Iowa News from C. A. Shanklin Scrapbook 1890s-1950
Linn County, Iowa
Page 6 (1941-1945)
Thanks to researcher & volunteer, Bonnie Mares, for the purchase of an old Iowa scrapbook off eBay. What a find—so many pre-1950 news items of interest from Linn County, Iowa.
The old scrapbook inside cover has this inscription from the original owner:
C. A. Shanklin, Cedar Rapids, Iowa, Route No. 2
This book is the property of the above address.
[All attempt will be made to identify the newspaper sources & the dates, listing on these pages in chronological order.~Linda Z., transcriber]
Local Cedar Rapids newspaper, February 6, 1941
Arthur Julius Johnson, 51, of 1723 E. avenue, NE, a veteran of the World war, died in the Veteran’s hospital, Des Moines, at 4 a.m. Thursday following a long illness. A lifelong resident of Cedar Rapids, he was born here April 12, 1889, and had been employed as a conductor for the Rock Island railroad. During the World war he was a member of Company C, 168th infantry and served overseas with the Rainbow division. He was a member of the Cedar Rapids post, Veterans of Foreign Wars.
In addition to his wife, Cecil, he is survived by a son, Warren, of Cedar Rapids, and a brother, Carl Johnson of Lima, Peru. The body is at the Beatty chapel pending funeral arrangements.
Local Cedar Rapids newspaper, February 9, 1941
Funeral for A. J. Johnson
Funeral services for Arthur Julius Johnson, 1723 E. avenue NE, a World war veteran who died in the Veterans hospital at Des Moines early Thursday, will be held in the Beatty chapel at 2 p.m. Sunday. Military honors will be paid by the American Legion at the grave in Cedar Memorial Park. Friends may call at the chapel.
Cedar Rapids Gazette, Nov. 20, 1942
FORMER SPRINGVILLE MAN IS NOW A MAJOR
Harry B. Raff, son of Mr. and Mrs. Sam F. Raff of Springville, recently was promoted from captain to major at an Eighth air force command station in England.
Prior to entering service in March, 1942, Maj. Raff was chief of the inspection department at the J. I. Case plant in Rock Island, where his wife now lives. He has been overseas since April, 1943, and has been signal depot commander at a base where battle-damaged B-17 Flying Fortresses were repaired.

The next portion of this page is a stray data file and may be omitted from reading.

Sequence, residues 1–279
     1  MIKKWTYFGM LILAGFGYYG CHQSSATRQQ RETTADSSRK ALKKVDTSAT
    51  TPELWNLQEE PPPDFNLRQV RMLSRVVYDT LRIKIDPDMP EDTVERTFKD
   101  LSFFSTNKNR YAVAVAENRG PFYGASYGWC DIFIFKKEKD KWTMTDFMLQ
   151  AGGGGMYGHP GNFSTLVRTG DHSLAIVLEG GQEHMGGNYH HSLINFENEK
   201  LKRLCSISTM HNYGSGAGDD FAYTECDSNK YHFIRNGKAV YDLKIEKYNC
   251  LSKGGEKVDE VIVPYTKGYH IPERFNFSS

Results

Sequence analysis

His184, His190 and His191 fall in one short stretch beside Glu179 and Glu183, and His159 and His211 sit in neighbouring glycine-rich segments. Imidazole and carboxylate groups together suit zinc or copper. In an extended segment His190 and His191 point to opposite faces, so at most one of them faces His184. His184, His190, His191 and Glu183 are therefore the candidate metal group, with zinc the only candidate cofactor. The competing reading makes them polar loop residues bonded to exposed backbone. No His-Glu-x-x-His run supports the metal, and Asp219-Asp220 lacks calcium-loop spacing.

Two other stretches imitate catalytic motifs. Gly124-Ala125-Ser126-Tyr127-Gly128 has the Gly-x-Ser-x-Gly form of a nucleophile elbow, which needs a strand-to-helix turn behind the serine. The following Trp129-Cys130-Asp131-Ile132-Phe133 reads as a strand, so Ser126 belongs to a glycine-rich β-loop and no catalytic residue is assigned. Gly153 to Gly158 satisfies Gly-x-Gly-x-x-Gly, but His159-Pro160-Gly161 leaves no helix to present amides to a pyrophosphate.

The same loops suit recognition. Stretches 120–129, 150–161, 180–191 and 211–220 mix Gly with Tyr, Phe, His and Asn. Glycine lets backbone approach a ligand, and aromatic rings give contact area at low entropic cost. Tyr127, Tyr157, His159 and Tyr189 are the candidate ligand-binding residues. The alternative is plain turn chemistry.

A brother, Fred Raff, is an army corporal.
The Cedar Rapids Gazette, Thursday, April 23, 1943
Special to The Gazette. RANDOLPH FIELD, Texas—Hundreds of Uncle Sam’s new fighting pilots, ready and eager to hit the Axis, were graduated Thursday from the army air forces Gulf coast training center’s 10 advanced flying schools.
All received silver pilots’ wings and commissions as second lieutenants or flight officers. Those commissioned second lieutenants included the following eastern Iowans:
Charles E. Moes, son of Mr. and Mrs. William H. Moes, 1619 First avenue SW, Cedar Rapids, (Ellington field), a former advertising department employe of The Cedar Rapids Gazette.
Russell R. Newell, Columbus Junction (Brooks field).
Russell R. Bulechek, Iowa City (Aloe field).
William G. Cocking, Iowa City (Lubbock field).
Russell G. Ford, son of Mr. and Mrs. Harry Ford, 1001 Twelfth street, Marion (Blackland field).
The eastern Iowans all were graduated from Texas flying fields. Before they get actual combat assignments they will receive additional instruction at post graduate flying schools.
Marion Sentinel, January 25, 1944
Lt. Russell Ford Reported Missing In European Area
Lt. Russell F. Ford, 27, army air force pilot has been reported missing in action in the European area since Jan. 11, his parents, Mr. and Mrs. B. H. Ford, 1001 Twelfth street, have been advised by the War Department.
Lt. Ford entered the service Dec. 26, 1941, and received his wings and second lieutenant commission at Waco, Texas. He was promoted to first lieutenant after reaching England and had been awarded the Air Medal.
A younger brother, Sgt. Leighton Ford, is with the army engineers in England and the brothers met there recently.
Unknown local publication, dated January 27, 1944